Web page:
Tempers flare between KAABOO and the Del Mar Fairgrounds
With aspersions and accusations being cast in every direction, the simmering dispute over concessions at the KAABOO festival boiled over this week as state appointees who oversee the Del Mar Fairgrounds took KAABOO to task, with one board member declaring that he’d prefer to see KAABOO’s contract canceled altogether.
At issue is KAABOO’s use last year of a third-party concessionaire after complaints over the performance of Premier Food Services, which has provided the fairgrounds with bartenders, waiters and hospitality workers for more than 30 years.
KAABOO’s frustration with Premier dates back to the inaugural 2015 festival, when Premier split the contract with another concessionaire. In 2016, Premier handled concessions on its own. KAABOO has described Premier’s performance both years as disorganized and inefficient. For the 2017 festival, Premier accepted a $150,000 buy-out and KAABOO awarded the contract to Spectrum Staffing Services, which handles several of the largest music festivals in the nation — including Governor’s Ball in New York, Life is Beautiful in Las Vegas and Bonnaroo in Tennessee — as well as events for the PGA tour, the NFL and Cirque de Soleil.
“The decision to use Spectrum was simple,” said Nathan Prenger, KAABOO’s senior vice president of operations. “… In 2017, lines were shorter and the guest experience was unparalleled.”
After last year’s festival, KAABOO asked the 22nd District Agricultural Association — which runs the state-owned fairgrounds — to ratify its contract with Spectrum for 2018 and 2019. Fairgrounds CEO and General Manager Tim Fennell denied the request so that the DAA board could make the decision.
The board tabled a decision at its January meeting. More than two hours of tense, sometimes vitriolic discussion at the DAA’s Feb. 13 meeting resulted in the board tabling the decision again — but not before several board members said they have lost trust in KAABOO. Board member David Watson issued the harshest rebuke, citing numerous contract violations over KAABOO’s three years — the 2016 riot, an assault last year on a Premier bartender and non-compliance with the fairgrounds’ noise ordinance all three years.
“I want to make this crystal clear: in my opinion, KAABOO has no credibility whatsoever,” Watson said. “They have lied to this board repeatedly about key aspects of what’s going on, and as far as I’m concerned, I think we ought to consider terminating the contract and finding someone else.”
Over the past several months, Premier workers have complained of poor oversight, questionable serving practices and an assault on a Premier bartender by a volunteer. Premier workers also object on the grounds that the Spectrum contract jeopardizes their ability to accrue enough work days to meet their union’s requirements for health care coverage. Several warned the DAA board that allowing KAABOO to use Spectrum sets a dangerous precedent.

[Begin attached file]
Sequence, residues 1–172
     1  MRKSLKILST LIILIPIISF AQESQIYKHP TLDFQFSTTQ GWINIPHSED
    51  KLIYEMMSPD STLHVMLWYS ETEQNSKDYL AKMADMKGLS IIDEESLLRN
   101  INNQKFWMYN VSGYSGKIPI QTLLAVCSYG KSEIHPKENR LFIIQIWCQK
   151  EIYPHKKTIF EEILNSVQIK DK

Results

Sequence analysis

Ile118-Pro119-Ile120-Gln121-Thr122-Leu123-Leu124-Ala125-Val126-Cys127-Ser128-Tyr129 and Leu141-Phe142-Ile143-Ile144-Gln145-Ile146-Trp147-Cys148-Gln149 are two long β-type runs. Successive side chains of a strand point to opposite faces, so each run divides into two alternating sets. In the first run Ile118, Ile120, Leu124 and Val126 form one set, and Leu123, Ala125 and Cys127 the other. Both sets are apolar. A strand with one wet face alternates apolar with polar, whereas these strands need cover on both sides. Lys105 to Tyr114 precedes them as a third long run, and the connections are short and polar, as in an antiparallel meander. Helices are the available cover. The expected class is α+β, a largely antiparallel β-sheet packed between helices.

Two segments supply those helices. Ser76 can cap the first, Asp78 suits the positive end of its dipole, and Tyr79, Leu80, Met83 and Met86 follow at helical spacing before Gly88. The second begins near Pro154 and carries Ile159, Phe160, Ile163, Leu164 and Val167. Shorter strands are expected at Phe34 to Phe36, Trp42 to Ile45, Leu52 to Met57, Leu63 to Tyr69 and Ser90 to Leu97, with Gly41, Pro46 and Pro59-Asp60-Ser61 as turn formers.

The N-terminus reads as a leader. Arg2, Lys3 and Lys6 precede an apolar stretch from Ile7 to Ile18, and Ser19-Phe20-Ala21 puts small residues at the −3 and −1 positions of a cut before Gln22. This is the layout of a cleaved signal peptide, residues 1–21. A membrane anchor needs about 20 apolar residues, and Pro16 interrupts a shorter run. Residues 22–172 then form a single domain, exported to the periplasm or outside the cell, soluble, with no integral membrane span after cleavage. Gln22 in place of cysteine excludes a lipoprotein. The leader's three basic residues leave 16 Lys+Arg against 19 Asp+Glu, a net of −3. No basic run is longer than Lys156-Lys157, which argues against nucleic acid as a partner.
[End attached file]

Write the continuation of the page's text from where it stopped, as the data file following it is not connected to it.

“This opens up Pandora’s box to events further down the road,” said Eric East, a Premier bartender for 20 years.
KAABOO officials countered that the complaints have only come from a small handful of the 200 Premier employees Spectrum hired last year.
“I feel as though I’m at a family get-together and the two sides can’t get along and I’m in the middle,” said board member Richard Valdez. “Somehow I’m supposed to be an arbiter of what the truth is.”
However, Valdez said he could support a Spectrum extension — a sentiment echoed by board president Steve Shewmaker and Russ Penniman, last year’s board president.
“I could not believe I could not get a drink in 2016, that I could not get food in 2016,” Shewmaker said. “I just thought that was par for the course for an event like this. Then I had a very positive experience in 2017; you walked to the bar and you got a drink. … I, for one, don’t want to get involved in telling KAABOO who they have to hire.”
Amid the rancor, a way forward emerged. The board tabled its decision in order to see if KAABOO chooses Premier for the festival’s “back-of-house” catering contract — serving artists, corporate guests, VIPs and festival staff. That decision could come in the next few weeks.
In the meantime, board member Frederick Schenk urged KAABOO to have a dialogue with Premier to mend the relationship.
“Let’s come back and have everything before us so that … we’re looking at the big picture,” he said. “Because clearly there’s division here, and there’s division because folks at KAABOO, you created this division. Let’s try to find some way to address all of these concerns.”
After the meeting, a KAABOO spokesman said the company felt “shocked and taken aback” by the board’s grievances, and will be looking into whether some of the statements amount to slander.
“To hear these kinds of accusations of ‘You’re lying, you’re in breach of contract,’ — We’re going to be pursuing all options. To have these members of the board saying these kinds of deeply personal claims is very concerning,” said KAABOO spokesman Joshua Goodman. “We feel really taken aback by some of what happened today, and hopefully we get to a place by next month’s meeting where the board will give us the freedom to provide guests with a great experience.”
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